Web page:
Heart Idioms for Valentine’s Day

Happy Valentine’s Day, if you’re celebrating it! Or are you suffering from heartache and a broken heart? Maybe you’re stone-hearted, or your heart just isn’t in it.  Maybe you’re lucky enough to be spending it with someone who makes your heart skip a beat, or has a heart of gold. No matter your situation, know that I’m wishing you a happy Valentine’s Day from the bottom of my heart!

In no particular order, here are some of my other favorite heart-related expressions.

1. Sing/cry/dance/[verb] one’s heart out.

Simple enough: [verb] as much as you like! See also: “[verb] as much as your little heart desires” and “[verb] to your heart’s content.” For example: Suzie sang her heart out at karaoke last night. I’ve never seen her have so much fun!

2. “Eat your heart out.”

“Eat” is one of the few verbs that doesn’t quite fit in the “[verb] your heart out” pattern. It’s a way to boast or brag: “I got the lead role in the play, Jimmy. Eat your heart out!” John taunted his rival.

Generally speaking, we only use it to directly address and command someone.

3. Wear one’s heart on one’s sleeve.

Someone who is expressive and honest with their feelings (sometimes without intending to be), though they can also be a little too sensitive. I always know when Robin’s upset. She wears her heart on her sleeve.

4. Have a heart-to-heart.

To have a serious and important conversation with someone. Joe and Sam were angry at each other, but after a long heart-to-heart they became friendly again.

5. “My heart bleeds for you.”

Like “Eat your heart out,” this idiom is also a fixed expression in English. It’s usually a sarcastic way to tell someone that you don’t care, or that you think their problem is silly and trivial. Oh, you have to drive your Mercedes because your Jaguar is in the shop? My heart bleeds for you!

Sometimes people will use it to mean that they are genuinely upset or distraught over someone else’s situation, but there are a lot of other phrases in English to express condolences that aren’t used sarcastically, so it might be better to choose one of those instead.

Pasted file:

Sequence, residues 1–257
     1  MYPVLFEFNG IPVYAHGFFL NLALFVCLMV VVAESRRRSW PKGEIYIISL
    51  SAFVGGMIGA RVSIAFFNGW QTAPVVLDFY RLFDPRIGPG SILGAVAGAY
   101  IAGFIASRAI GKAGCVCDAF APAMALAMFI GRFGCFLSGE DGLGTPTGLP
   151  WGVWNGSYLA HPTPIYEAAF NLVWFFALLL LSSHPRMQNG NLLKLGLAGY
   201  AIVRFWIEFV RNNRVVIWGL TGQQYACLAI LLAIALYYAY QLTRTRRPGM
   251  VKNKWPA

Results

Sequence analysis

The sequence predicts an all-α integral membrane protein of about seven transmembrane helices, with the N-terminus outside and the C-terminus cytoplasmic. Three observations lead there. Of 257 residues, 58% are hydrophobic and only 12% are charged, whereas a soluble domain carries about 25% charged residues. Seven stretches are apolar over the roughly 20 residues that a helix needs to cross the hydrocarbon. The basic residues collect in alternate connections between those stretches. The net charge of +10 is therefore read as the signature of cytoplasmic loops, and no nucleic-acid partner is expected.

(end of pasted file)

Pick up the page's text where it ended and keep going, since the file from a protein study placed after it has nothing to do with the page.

6. A man/woman after one’s own heart.

To express that you approve of something that someone does, implying that you do (or would do) the same thing. You like spending Sundays in your pajamas and watching movies? A woman after my own heart!

7. Not have the heart to [verb]

When you really, really don’t want to do something, usually because it might upset someone else or because you’re upset about it. I don’t have the heart to tell Erica her cat ran away. Can you do it?

8. Find it in one’s heart to [verb]

To be emotionally/psychologically able to do something. Usually this is finished with the verb phrase “to forgive someone.” I’m sorry I lied to you. Can you find it in your heart to forgive me?

9. “Cross my heart . . . “

This is mostly used by children in its full length form: “Cross my heart and hope to die, stick a needle in my eye if I lie.” (And there are a bunch of variations on it, if you feel like Googling!) It’s a promise that the speaker isn’t lying. Once in a while you run into an adult who will just use “cross my heart” as a shorthand, similarly to “Swear to God!” I didn’t steal your wallet. Cross my heart!

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